It was the weekend before Christmas, 2010. I was sitting on the 4 or 5 train, one of those on the green line, making the trip from Cornell Weill Hospital on the Upper East Side back to my Crown Heights apartment. I’d spent the previous two nights sleeping at my dad and stepmom’s apartment on the Upper West Side, too tired to make the long trip home, too fragile to be far from my family.
My dad was dying. Cancer. No one had said it aloud yet, but I knew. The leaden feeling I carried in my gut was proof enough, too reminiscent of the way I felt just three years previously when my mom’s oncologist had suggested she give chemo a rest, give her body a break. It was as gentle an urging to let one’s body give out as I can imagine, though at the time it ripped me straight up the middle. It was a similar sense of dread—dread on the brink of searing pain—that I carried around that afternoon as the train rumbled south. I had decided, after two days trying to carve out a sacred space in the sterility and hustle of a hospital room by reading to my dad, rubbing his cracked feet, cracking jokes that weren’t funny, that it was time to go home. Take a shower. Get some fresh clothes.
It was warm on the train, but I was too weary to pull off my red winter coat. I unzipped it and unbuttoned the cardigan below. I felt completely at odds with the bustle and cheer of the colorful shopping bags and flushed cheeks accompanying me on the train. I felt pieced-together, picked apart. Disgusting.
I took out a book, tried to fit in. I was reading The Life of Pi, gobbling down anything with a spiritual bent to it those days. Somewhere around Bowling Green, the train started to halt and lurch. Across from me sat a startling young man. A knit cap, somewhat pointed, sat just above his ears, revealing the bald sides of his head. The skin there was a deep milk chocolate, coffee with a splash of cream. His face was smooth and clean, his forehead and cheekbones strong. He wore a navy blue woolen jacket with a stiff collar turned up, gold stars emblazoned near the lapels. His coat was unfastened like mine, and a matching navy sweater with a luxurious rolled neck underneath.
He, too, was trying to read. A hardcover book without a jacket. We kept glancing up at one another as the train’s fits and starts toyed with our anticipation. After a while, though, he set his eyes on his book, focused. Maybe he knew I was watching, maybe he was just that intent on his subject. I tried hard to concentrate on my own, but could only think of catching his eye again. I wondered where he was going to get off, assuming Lower Manhattan. He seemed like a City boy. But when the train crawled under the river to Borough Hall, he was still in his seat. He remained as we passed through the bustling Atlantic/Pacific hub and began up the slope toward my neighborhood. At Franklin Avenue, we both stood up abruptly, I gathering my frayed backpack onto my shoulder. He tucked his book under one arm and raised his eyebrow at me as we moved toward the open door and nearly bumped into one another. I smiled.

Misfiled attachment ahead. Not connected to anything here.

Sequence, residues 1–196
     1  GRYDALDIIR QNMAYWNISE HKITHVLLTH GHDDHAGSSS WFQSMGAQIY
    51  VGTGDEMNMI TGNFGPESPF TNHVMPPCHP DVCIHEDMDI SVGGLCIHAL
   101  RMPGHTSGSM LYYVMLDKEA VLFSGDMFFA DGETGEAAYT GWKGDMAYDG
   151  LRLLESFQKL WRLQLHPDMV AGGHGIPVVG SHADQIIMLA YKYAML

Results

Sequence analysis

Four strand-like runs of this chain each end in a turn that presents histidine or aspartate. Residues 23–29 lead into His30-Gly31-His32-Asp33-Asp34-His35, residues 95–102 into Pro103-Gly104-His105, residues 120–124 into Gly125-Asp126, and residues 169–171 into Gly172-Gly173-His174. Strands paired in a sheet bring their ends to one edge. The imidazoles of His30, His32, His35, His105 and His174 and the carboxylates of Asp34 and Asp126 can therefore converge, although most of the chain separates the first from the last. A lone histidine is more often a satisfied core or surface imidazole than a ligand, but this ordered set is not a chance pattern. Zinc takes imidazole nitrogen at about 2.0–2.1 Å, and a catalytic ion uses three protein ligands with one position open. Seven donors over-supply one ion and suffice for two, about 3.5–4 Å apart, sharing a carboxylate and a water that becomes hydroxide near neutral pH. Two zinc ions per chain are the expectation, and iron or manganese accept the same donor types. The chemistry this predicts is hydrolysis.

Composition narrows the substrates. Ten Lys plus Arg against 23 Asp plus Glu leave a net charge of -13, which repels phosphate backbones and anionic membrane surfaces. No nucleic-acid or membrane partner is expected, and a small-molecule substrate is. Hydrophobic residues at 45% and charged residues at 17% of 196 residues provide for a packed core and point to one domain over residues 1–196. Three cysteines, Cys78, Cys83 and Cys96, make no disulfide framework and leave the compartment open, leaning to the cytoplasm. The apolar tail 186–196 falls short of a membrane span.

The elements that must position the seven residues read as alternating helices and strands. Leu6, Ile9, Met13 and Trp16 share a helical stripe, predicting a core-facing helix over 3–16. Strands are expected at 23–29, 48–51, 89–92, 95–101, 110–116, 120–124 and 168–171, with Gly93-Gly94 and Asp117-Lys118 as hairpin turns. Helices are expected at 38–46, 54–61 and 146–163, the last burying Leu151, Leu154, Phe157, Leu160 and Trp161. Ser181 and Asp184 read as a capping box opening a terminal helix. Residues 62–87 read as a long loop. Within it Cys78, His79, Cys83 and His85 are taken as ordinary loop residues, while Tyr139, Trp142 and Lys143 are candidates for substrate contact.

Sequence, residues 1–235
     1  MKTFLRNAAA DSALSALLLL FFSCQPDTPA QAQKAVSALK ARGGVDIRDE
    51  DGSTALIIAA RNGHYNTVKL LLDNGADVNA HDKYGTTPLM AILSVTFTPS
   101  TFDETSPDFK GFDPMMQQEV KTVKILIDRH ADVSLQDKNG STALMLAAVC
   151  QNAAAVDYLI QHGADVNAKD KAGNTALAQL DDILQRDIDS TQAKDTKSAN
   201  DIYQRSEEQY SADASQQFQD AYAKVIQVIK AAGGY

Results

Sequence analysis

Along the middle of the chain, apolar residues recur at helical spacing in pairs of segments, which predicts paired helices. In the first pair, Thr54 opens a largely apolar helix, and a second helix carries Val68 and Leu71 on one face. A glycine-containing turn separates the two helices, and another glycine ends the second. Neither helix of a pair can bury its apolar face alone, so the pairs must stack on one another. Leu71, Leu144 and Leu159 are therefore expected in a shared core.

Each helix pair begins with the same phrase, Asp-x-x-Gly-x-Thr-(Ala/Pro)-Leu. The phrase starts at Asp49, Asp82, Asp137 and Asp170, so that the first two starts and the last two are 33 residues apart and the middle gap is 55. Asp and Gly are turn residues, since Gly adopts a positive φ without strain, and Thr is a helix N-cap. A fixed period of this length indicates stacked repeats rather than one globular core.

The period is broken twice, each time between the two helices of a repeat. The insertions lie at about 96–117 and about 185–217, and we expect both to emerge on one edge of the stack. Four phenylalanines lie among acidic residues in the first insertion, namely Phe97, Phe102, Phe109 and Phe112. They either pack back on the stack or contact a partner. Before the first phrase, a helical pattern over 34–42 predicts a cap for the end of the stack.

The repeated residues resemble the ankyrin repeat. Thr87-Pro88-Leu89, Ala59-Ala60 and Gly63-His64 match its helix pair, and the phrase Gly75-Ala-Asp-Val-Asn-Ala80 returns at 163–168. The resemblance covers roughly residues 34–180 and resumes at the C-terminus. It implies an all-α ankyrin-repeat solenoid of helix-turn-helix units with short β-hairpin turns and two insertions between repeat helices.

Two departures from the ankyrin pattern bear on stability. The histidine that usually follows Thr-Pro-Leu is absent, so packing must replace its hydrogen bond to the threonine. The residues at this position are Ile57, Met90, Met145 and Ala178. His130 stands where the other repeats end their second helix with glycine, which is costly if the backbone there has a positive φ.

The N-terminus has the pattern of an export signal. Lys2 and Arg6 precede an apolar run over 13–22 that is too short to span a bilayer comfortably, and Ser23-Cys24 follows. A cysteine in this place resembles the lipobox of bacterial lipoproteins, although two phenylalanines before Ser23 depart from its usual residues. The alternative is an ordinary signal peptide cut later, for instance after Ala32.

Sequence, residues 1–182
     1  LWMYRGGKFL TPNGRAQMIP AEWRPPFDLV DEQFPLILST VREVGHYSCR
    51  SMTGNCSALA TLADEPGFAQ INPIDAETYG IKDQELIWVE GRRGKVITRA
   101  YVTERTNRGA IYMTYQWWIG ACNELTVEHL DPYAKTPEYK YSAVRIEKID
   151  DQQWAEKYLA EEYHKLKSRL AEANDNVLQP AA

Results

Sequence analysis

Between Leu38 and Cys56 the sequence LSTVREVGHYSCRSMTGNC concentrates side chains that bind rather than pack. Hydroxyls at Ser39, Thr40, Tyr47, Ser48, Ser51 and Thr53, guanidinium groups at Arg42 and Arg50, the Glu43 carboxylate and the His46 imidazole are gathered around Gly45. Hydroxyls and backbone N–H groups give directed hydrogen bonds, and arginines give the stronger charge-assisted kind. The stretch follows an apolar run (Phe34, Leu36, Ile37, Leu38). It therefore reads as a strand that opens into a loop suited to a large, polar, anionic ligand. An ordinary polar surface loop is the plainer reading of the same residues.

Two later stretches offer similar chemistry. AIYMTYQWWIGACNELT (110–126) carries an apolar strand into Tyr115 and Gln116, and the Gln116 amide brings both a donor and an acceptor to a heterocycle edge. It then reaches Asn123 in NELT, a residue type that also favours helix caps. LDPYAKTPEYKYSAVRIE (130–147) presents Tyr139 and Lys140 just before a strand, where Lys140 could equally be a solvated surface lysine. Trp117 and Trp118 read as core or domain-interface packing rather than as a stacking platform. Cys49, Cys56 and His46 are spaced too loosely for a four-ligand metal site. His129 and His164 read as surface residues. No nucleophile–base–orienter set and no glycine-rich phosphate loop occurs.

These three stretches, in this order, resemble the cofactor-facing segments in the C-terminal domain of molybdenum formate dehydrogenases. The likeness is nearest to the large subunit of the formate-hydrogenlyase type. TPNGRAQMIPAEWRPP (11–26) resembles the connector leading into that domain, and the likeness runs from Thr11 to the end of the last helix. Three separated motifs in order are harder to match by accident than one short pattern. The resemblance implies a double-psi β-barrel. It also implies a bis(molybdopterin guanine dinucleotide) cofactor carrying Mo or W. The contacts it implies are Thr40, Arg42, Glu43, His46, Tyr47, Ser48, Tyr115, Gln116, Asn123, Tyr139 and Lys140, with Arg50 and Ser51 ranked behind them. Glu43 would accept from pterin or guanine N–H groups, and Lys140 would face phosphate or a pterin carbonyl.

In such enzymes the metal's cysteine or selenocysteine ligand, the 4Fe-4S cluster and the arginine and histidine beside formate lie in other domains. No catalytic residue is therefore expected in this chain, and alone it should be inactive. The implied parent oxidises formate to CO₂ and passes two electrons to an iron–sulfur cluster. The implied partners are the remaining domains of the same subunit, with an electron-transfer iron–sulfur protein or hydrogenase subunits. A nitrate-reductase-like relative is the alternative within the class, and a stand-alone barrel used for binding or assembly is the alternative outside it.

It could have ended that way. Just day-to-day, life brushing up alongside millions of other souls, walking that tightrope between anonymity and desperation for connection. Communion. But it didn’t.
On the platform, I stopped him. “Excuse me, I couldn’t help but wonder what you’re reading,” I weakly offered.
He asked if I really wanted to know. I didn’t, but I nodded, and he launched into a long description, something about Eastern spiritual philosophy. We talked for a few minutes. I don’t remember much, only that he mentioned graduate school. He had studied math, had a keen interest in finance. At some point, he asked my name and we shook hands. I heard him introduce himself, a name beginning with a D, but couldn’t catch the exact word, even after he repeated it for me.
“Are you getting back on the train?” he asked. I chuckled. Of course not. Even for a beautiful man, I wouldn’t have gotten off at the wrong stop, not in my state. Together, we climbed the filthy steps to the turnstiles. He asked if he could walk with me, and I complied, trusting him implicitly, though I didn’t know why. Maybe I just needed to practice faith in something.
We walked the two and a half blocks down Franklin Avenue, barren in late December, save the garish mural on the corner of Eastern Parkway. He chatted on, pointed out a building a block from my place where he had lived until recently. When we reached my door, I told him I needed to go up, that I had things to do. The short conversation had exhausted me. I was so withdrawn from everything by then, having retreated into a world of sitting and waiting. We stood there at my door in the raw cold. He asked if there was a way to reach me. I gave him my number. He had been gentle, and I was craving softness.
One sticky afternoon the following July, we were lying in bed together, naked and languid. One of us brought up that day, our first meeting. The cold that had shrugged our shoulders up to our ears seemed an impossible memory in that heat. We argued over which of us had initiated the conversation, who started making eyes at whom. We wondered about the nature of our books that day, both of us seeking to make some sense of the senselessness of life. Two months after our subway meeting, we didn’t have a living parent between us. We talked lazily, using words like serendipity and coincidence, not caring much to parse their meanings. It was a gift of the city, we agreed, a product of the strange alchemy of the underground. Where we’re all moving through it together, really.